A friend asked:
“Please, is there any correlation between not bathing a baby well at birth and body odour? What are the likely causes of body odour? We hear different things from the older generation that when a baby is not bathed well at birth, it can cause body odour. Enlighten us, please!”
It’s a myth!
Causes of body odour include: genetic factors (it runs in some families), skin infections, excessive or inadequate sweat production, underlying medical conditions, some medicines (like steroids), poor hygiene, dietary habits (like excess alcohol, coffee, strong spices, etc.)
-Impeccable personal hygiene
-Quitting alcohol and smoking
-Cutting down or eliminating whatever might be the trigger (like pungent spices)
-Regular use of deodorants or antiperspirants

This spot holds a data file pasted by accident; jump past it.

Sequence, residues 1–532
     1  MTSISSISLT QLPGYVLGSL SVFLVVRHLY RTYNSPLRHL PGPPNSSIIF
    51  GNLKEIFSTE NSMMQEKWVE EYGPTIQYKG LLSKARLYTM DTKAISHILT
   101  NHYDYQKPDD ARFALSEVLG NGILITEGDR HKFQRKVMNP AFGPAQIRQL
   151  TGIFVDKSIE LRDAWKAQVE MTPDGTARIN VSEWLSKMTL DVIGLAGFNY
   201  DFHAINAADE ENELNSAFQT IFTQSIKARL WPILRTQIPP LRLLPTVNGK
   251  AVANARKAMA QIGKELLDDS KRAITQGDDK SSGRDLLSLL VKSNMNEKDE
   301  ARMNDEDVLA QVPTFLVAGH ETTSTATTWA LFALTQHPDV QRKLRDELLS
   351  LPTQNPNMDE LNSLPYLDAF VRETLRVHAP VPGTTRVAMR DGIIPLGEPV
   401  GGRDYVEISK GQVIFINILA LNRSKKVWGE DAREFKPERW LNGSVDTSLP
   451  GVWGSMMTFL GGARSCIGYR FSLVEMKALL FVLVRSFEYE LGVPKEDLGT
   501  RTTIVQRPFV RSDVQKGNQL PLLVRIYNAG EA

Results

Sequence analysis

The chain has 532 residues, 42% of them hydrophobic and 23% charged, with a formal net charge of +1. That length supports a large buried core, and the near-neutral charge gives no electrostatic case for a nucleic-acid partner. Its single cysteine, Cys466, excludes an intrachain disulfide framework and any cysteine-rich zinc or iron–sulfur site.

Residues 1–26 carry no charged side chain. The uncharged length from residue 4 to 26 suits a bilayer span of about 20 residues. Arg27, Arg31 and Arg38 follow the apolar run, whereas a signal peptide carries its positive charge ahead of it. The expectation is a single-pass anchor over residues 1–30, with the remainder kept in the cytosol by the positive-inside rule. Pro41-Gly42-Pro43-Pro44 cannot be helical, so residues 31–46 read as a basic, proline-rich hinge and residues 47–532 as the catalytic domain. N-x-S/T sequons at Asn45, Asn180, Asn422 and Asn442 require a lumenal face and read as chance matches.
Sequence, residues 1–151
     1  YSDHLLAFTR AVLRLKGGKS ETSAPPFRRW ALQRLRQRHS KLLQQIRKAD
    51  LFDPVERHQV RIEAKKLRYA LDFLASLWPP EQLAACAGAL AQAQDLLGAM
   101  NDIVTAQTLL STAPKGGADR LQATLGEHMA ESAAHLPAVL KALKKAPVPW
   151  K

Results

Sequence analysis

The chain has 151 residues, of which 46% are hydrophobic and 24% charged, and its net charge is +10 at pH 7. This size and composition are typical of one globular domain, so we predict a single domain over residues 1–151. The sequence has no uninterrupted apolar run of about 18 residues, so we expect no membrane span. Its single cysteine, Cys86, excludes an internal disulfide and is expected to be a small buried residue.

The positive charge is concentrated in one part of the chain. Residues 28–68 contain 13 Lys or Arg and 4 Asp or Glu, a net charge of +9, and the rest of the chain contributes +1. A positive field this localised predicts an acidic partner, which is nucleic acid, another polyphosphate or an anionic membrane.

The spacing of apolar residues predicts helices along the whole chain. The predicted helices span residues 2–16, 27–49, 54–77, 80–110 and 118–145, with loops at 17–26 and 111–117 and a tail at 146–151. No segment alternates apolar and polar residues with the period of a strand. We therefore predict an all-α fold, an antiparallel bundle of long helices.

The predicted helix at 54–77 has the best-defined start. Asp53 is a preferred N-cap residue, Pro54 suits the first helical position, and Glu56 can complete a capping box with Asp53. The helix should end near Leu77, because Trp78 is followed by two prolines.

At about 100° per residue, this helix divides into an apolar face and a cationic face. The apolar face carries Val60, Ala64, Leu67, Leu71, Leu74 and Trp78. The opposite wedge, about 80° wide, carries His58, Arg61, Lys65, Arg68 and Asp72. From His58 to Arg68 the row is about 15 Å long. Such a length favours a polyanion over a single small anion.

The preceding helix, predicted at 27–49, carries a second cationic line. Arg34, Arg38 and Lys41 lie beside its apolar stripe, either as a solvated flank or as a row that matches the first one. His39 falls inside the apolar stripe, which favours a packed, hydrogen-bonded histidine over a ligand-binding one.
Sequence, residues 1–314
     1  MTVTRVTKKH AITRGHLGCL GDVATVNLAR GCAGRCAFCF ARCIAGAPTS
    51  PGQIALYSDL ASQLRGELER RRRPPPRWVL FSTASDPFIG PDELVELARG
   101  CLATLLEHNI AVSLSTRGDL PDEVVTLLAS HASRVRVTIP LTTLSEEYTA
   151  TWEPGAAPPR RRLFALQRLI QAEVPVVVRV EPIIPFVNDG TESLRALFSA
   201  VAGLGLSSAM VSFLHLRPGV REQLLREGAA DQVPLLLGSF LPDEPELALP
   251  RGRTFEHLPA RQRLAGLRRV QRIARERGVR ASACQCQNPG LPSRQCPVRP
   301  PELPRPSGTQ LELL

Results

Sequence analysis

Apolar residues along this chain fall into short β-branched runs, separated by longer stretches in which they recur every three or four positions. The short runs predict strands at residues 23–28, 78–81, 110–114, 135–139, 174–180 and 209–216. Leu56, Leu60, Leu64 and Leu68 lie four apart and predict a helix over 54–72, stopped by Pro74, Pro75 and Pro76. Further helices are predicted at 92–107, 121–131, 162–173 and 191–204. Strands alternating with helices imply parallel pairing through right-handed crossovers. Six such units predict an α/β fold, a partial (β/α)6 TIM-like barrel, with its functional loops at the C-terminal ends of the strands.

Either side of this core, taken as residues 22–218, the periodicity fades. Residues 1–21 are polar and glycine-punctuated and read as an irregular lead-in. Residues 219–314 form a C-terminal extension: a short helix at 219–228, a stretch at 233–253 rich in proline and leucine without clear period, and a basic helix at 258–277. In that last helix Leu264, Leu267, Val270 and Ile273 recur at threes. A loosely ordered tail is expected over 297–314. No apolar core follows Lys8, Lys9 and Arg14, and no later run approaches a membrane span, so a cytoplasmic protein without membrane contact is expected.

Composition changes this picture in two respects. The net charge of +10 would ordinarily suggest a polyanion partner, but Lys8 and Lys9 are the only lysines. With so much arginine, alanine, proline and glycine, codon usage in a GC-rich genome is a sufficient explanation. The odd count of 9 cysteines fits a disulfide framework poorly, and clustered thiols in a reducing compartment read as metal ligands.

-Wearing loose clothings (no leggings, no tight bra etc.)
-Daily bath (or more frequently as required)
If it persists, see a doctor and treat any identified underlying condition.
The white cheesy stuff that you see on the baby at birth is called VERNIX CASEOSA. It serves a lot of protective functions while the baby is in the womb. It also makes childbirth easier by acting like a lubricant as the baby journeys through the birth canal. WHO recommends leaving it on the baby for at least 6 hours after birth, and up to 24 hours preferably.
Exceptions include babies of mothers who have HIV, Hepatitis B or chorioamnionitis. They need to be bathed ASAP to minimise the risk of mother-to-child transmission.
There should be no rush in washing off the vernix, and even when you do, it should be done gently and carefully. Avoid harsh soaps, hot water, and other “cleansers” that may be harmful to your baby’s skin.
In fact, overzealous removal of vernix may strip the baby’s skin of the natural protective materials, putting him at risk of skin problems in the future.